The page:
Category Archives: Emotional contaigon

Barrister Barista

photo “Be kind. Everyone you meet is fighting a hard battle.”-Philo of Alexandria
In my love affair with perfectly foamed lattes, I’ve spent many happy days at Starbucks. When the children were small, my friend Laura and I would meet there every single day. I would have a latte, usually with nonfat milk, except when I went through my soy phase. Laura would have an Americana with room for cream.

The Phoenix area has a million Starbuck’s, so we would call each other (before texting was available) to coordinate which location was convenient for our meeting, based on our schedules. “I’m picking up the triplets at school early for a dental appointment,” she might say.

“I will be at the church, can we meet half way in between?” I’d respond, and for several years we accommodated each other without the slightest amount of stress.

“I need to go first today,” one of us would say once we sat down with our coffees. We poured out stressors and anxiety becoming each other’s amateur therapists. People are in disbelief that we only missed a handful of days over the course of several years, before I moved back to Iowa.

Our daily meetings grounded me during years where I was lonely because of a traveling husband, unsure  how to raise kids, and yearning for my lawyer world during a period as stay at home mom. Laura could validate my feelings, tell me the kid’s coughs needed Robitussin and being a lawyer herself, explore the injustices of the OJ Simpson case based on an analysis of the evidence.
I supplied similar support to her as she raised triplets with her busy emergency room physician husband. By the time we finished our coffee and dashed to our respective mom mobiles to get back to our duties we were poised to face life with a fresh approach.

At our favorite Starbucks, Carl was the manager. Because we were regulars, it was like meeting another friend when he was working. When he transferred locations we moved our rendezvous to his new store whenever possible.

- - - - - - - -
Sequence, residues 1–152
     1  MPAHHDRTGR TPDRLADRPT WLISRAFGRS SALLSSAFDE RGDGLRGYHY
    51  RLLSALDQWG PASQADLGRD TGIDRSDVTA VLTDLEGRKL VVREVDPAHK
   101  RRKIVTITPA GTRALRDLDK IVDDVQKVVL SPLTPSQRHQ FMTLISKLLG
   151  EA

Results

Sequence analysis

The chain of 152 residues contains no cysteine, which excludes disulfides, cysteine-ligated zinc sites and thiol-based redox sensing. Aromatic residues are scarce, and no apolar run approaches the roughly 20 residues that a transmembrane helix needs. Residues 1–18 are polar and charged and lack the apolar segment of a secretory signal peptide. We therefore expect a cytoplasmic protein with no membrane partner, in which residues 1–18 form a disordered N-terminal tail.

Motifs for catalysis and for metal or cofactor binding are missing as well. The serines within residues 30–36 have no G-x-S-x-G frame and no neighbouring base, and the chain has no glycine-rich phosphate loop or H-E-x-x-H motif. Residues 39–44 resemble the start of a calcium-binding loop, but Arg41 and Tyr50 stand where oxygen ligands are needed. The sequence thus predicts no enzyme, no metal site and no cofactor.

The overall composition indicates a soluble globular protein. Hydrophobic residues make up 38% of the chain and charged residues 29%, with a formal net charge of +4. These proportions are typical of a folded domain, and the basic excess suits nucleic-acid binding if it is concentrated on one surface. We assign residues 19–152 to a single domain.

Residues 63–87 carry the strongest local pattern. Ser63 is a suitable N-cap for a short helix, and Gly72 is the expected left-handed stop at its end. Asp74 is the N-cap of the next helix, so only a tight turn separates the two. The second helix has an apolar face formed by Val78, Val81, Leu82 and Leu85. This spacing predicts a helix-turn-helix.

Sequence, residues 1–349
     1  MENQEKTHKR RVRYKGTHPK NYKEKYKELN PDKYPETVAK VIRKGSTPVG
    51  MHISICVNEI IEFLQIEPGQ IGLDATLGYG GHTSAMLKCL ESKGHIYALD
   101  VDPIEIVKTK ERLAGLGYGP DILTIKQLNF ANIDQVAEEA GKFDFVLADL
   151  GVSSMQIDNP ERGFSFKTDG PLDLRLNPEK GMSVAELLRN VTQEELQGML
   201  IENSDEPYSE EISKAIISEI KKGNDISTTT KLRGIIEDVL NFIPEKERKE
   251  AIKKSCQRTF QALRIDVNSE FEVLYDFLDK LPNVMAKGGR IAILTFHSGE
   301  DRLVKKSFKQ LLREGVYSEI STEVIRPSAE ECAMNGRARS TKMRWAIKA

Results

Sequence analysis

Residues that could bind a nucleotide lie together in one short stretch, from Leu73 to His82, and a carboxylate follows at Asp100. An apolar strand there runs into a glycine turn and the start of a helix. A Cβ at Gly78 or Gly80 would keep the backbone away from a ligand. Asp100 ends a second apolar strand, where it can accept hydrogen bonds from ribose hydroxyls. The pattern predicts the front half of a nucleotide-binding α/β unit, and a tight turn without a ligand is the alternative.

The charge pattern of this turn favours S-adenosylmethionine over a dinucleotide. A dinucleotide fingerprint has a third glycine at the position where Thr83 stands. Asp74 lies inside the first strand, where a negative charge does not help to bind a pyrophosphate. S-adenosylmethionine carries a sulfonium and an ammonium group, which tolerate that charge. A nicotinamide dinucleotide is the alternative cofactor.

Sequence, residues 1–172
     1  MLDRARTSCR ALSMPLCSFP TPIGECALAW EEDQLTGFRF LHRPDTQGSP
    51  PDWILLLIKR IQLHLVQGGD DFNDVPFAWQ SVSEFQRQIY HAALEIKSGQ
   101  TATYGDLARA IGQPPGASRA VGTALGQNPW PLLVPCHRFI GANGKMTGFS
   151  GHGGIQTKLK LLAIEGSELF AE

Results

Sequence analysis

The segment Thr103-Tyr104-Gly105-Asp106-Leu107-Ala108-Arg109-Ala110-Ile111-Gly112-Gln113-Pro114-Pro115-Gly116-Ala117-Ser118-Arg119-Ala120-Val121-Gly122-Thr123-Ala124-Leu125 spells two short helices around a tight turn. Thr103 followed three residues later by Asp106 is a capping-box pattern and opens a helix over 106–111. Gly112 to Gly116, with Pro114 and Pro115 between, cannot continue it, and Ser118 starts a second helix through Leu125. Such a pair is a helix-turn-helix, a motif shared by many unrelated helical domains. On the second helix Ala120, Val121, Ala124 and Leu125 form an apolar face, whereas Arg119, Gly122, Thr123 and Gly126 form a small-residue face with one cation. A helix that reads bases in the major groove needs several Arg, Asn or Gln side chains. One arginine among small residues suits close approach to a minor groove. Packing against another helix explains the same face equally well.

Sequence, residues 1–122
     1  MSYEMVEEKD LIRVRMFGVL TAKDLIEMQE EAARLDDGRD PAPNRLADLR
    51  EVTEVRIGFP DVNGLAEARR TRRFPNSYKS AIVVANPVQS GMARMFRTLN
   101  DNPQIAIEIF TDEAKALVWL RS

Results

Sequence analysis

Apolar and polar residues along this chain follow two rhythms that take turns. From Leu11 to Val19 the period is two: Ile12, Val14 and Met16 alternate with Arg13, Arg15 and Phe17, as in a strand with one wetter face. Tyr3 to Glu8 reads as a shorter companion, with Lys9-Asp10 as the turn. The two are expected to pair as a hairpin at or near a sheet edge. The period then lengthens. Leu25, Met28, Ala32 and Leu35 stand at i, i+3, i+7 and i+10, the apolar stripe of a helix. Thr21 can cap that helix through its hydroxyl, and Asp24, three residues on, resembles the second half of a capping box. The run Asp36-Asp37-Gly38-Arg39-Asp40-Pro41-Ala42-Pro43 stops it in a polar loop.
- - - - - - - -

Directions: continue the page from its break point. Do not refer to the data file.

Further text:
When I was divorced from my children’s father, I was in between jobs, having given up my status as VP of a California based mediation firm to try to save a failing marriage. Post-divorce I was left having to regroup to get a job in Scottsdale, and doors were not opening.

One day at coffee, I made a spontaneous inquiry of Carl. “Carl, would you ever hire me?”

Carl was puzzled knowing I was a lawyer, but also knowing Starbucks provided medical health benefits, which I needed. The next thing I knew I was handed a green apron and a post at a new Starbucks Carl was managing in a stylish part of Scottsdale.

The people I worked with had no clue I was a lawyer. I tried to keep that fact underground, partly from embarrassment that I was underemployed, and also to avoid getting asked for legal advice. I was just “Kim,” and  I didn’t feel like I was being judged. Secretly I was “Kim, the lawyer who struggles to steam milk.”

My twenty-something coworker Maggie became my guide to the Starbuck’s world. Keeping up with a busy caffeine -seeking crowd, was not easy. Some customers were rude and impatient, some downright hateful, others were pleasant. Those who said hello, asked how I was getting along as the “newbie,” and called me by name were a joy. I was working hard, on my feet, trying to live up to Carl’s rigorous standards for a clean store, going home tired at the end of my shift, particularly on days when it had started at 5 a.m.

If I would gripe to Maggie she never engaged, but instead was always upbeat, expressing gratitude for her job. Maggie would often excuse herself abruptly for a bathroom break. I became curious as to why she would leave her work station so suddenly. Eventually I asked a coworker.

“Maggie has cancer,” he told me. “She is going through chemotherapy and leaves her post to get sick. She has to work to keep the insurance. Poor thing should be home in bed.”

I was shocked. Here I had been a prissy Scottsdale lawyer/mom who had thought I was so noble working at Starbucks. Right beside me was Maggie, struggling to survive. I eventually asked Maggie if there was anything I could do to help her. She seemed disappointed that her secret was out, and basically said “Thanks so much but I am fine. I enjoy working with you.” That was it.